Just imagine: It's April 2013 and the Liberal Party has gathered in Ottawa to hear that their new leader is... Chuck Norris.
While that outcome may seem far-fetched, if the Liberals follow through with their plan to combine a new category of party membership with online voting, they may end up with an outcome just as ridiculous.
The new "supporter" category was created at the Liberal Convention in January and is aimed at widening the base of participants for the leadership vote, making it more like a U.S.-style primary. Anyone interested in the party can sign up online and 30,000 people have already done so.
If everything goes as planned, these supporters will vote for a new leader in exactly the same way as a full party member: in person or by mail, phone or internet.
It's the internet bit that's interesting because, judging from the history of web, online votes have a tendency to go hilariously wrong.
Just take the example of the Chuck Norris bridges.
Earlier this year, a regional authority in Slovakia launch an effort to name a new pedestrian and cycling bridge to Austria via an online survey. The result was an avalanche of votes for the "Chuck Norris bridge," in reference to the American action star. This prompted the assembly to go back on their original promise to honour the wishes of citizens and name it something else.
The Slovakian effort was itself inspired by an earlier bridge vote-rigging effort in Hungary partly engineered by American satirist Stephen Colbert.
The bridge in question connects the two sides of the Hungarian capital of Budapest and was also to be named via an online vote. Chuck Norris jumped to an early lead, but then Colbert instructed viewers to vote for him instead and to use whatever nefarious means necessary to achieve victory.
The result? Colbert won with roughly 10 million more votes than the entire population of the country. A second vote was organized, this time requiring registration, but Colbert won again. Authorities ignored the outcome and named the bridge something else.
While these stories may seem ridiculous, there is a very real possibility that similar tomfoolery could plague the Liberal vote.
The party has yet to figure out all the details, but supporters will have to sign up and provide registration details, such as an address, that will supposedly allow the party to verify an individual's identity and whether he or she already belongs to another political party. The Liberals have until March 17 to figure it all out.
But some in the party have already expressed fears the vote could be open to manipulation.
MP Joyce Murray, a likely leadership contestant, has suggested the Conservative party might sign up supporters in an effort to influence the vote, referencing allegations the Tories were involved in misdirecting voters to non-existent polling stations during the last election. She has suggested a fee might deter such a campaign, a measure which has been rejected by the party leadership.
It's not just the Conservatives the Liberals should be worried about. It's easy to imagine users on the website reddit or hackers from Anonymous banding together in a campaign to make one of the more obscure candidates party leader.
The Liberals have already taken one measure to stop just such an effort, imposing a deadline of roughly six weeks before the final vote for supporters to sign up. Theoretically, this will prevent webizens with ignoble intentions from registering just as the campaign gets really interesting.
Of course, in reality, debates will start in January and there is already plenty of buzz around the race (anyone heard of Justin Trudeau?). An ill-intentioned online campaign to influence the vote could be in the works already.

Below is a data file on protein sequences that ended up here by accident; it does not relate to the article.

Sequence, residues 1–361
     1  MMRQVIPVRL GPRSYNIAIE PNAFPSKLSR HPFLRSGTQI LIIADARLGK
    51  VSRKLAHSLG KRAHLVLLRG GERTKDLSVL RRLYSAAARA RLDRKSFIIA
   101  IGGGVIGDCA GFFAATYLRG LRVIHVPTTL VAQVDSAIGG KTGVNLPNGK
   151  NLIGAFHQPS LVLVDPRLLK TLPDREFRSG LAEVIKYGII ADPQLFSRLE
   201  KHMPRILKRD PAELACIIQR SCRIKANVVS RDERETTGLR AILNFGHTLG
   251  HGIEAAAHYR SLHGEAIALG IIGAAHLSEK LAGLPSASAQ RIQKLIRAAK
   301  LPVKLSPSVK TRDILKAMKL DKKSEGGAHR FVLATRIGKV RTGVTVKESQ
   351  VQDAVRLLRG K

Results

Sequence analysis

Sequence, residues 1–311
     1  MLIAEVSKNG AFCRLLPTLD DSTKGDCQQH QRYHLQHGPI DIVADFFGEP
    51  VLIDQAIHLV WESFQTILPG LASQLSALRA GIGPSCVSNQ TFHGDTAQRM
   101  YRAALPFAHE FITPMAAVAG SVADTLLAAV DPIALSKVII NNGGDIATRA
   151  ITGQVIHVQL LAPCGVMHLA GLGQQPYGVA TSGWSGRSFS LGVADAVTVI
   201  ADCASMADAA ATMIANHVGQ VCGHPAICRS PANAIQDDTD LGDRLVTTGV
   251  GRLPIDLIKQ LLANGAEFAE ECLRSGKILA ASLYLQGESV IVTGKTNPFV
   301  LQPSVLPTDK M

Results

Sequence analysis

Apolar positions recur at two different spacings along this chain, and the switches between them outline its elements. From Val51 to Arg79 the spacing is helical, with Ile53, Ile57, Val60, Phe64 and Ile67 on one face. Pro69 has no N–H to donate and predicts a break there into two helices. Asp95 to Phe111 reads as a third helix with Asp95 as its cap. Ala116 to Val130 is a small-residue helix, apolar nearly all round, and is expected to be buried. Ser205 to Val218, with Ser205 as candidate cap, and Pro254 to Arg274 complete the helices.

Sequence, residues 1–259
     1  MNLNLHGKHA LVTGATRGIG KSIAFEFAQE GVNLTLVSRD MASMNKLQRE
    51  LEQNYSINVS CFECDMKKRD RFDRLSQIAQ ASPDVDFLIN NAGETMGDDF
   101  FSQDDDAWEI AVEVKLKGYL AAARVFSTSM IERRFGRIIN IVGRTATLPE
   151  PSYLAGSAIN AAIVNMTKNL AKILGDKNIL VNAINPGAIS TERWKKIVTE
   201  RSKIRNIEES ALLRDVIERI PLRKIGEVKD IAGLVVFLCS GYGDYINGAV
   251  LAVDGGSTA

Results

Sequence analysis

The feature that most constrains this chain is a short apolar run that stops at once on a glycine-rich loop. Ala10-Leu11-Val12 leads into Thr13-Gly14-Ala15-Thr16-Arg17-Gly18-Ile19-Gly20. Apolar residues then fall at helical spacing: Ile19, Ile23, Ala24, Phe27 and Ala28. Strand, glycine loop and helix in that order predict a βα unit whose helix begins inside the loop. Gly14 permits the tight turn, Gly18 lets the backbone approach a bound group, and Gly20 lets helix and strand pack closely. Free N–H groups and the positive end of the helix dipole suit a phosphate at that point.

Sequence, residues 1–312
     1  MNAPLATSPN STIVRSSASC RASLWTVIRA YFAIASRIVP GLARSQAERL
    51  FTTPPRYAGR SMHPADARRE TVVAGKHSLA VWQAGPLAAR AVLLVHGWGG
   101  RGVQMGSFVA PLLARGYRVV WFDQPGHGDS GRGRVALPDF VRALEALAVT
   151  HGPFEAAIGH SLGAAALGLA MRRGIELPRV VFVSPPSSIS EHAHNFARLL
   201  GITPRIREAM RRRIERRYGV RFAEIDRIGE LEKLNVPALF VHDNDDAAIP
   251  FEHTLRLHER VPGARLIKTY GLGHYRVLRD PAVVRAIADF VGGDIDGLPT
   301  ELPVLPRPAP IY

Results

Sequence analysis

And such a campaign may be the least of the Liberal's worries. If the cyber attack that marred the vote at the NDP convention in March is any indication, conducting a leadership vote online, especially when the details are left until late in the game, is a dangerous proposition.
But success is possible. In 2000, Arizona Democrats conducted a presidential primary using an online vote. Despite lawsuits, security threats and problems with certain browsers, voter turnout increased 500 per cent from the previous primary and the election was hailed as a victory for democracy.
If the Liberals want to replicate the success in Arizona, they will need to move swiftly on the rules for verifying identities and the electronic infrastructure needed to support a secure vote. Even then, it seems the race could still be subject to a major pwning.
Just ask Chuck Norris.
Here are the 6 things you need to know about the Liberal leadership race for 2013.
The Liberal Party of Canada will hold an all-candidate showcase on April 6, 2013 in Toronto to kick off a week of voting before announcing the new leader on April 14 in Ottawa. Whoever wins will the seventh leader for the party 10 years.
There are at least eight people challenging Justin Trudeau for the title. They are: defeated Liberal MP Martha Hall Findlay, lawyer and former professor Deborah Coyne (also the mother of Trudeau’s half sister), lawyer and failed Ottawa-area Liberal candidate David Bertschi, prosecutor and Vancouver Kingsway Liberal riding association president Alex Burton, the former head of the federal Liberals in B.C. David Merner and retired air force pilot and unsuccessful Ottawa-area candidate Karen McCrimmon. B.C. Liberal MP Joyce Murray and Montreal Liberal MP and former astronaut Marc Garneau are expected to announce their bids next week, sources tell HuffPost. Ontario Ministry of Finance economist Jonathan Mousley has also sent emails telling reporters he is considering a run, but has not officially declared his candidacy. So far, the party hasn’t officially registered anyone’s name. Some candidates, such as Bertschi, are still collecting the 300 signatures needed in three provinces and/or territories in order to enter the race.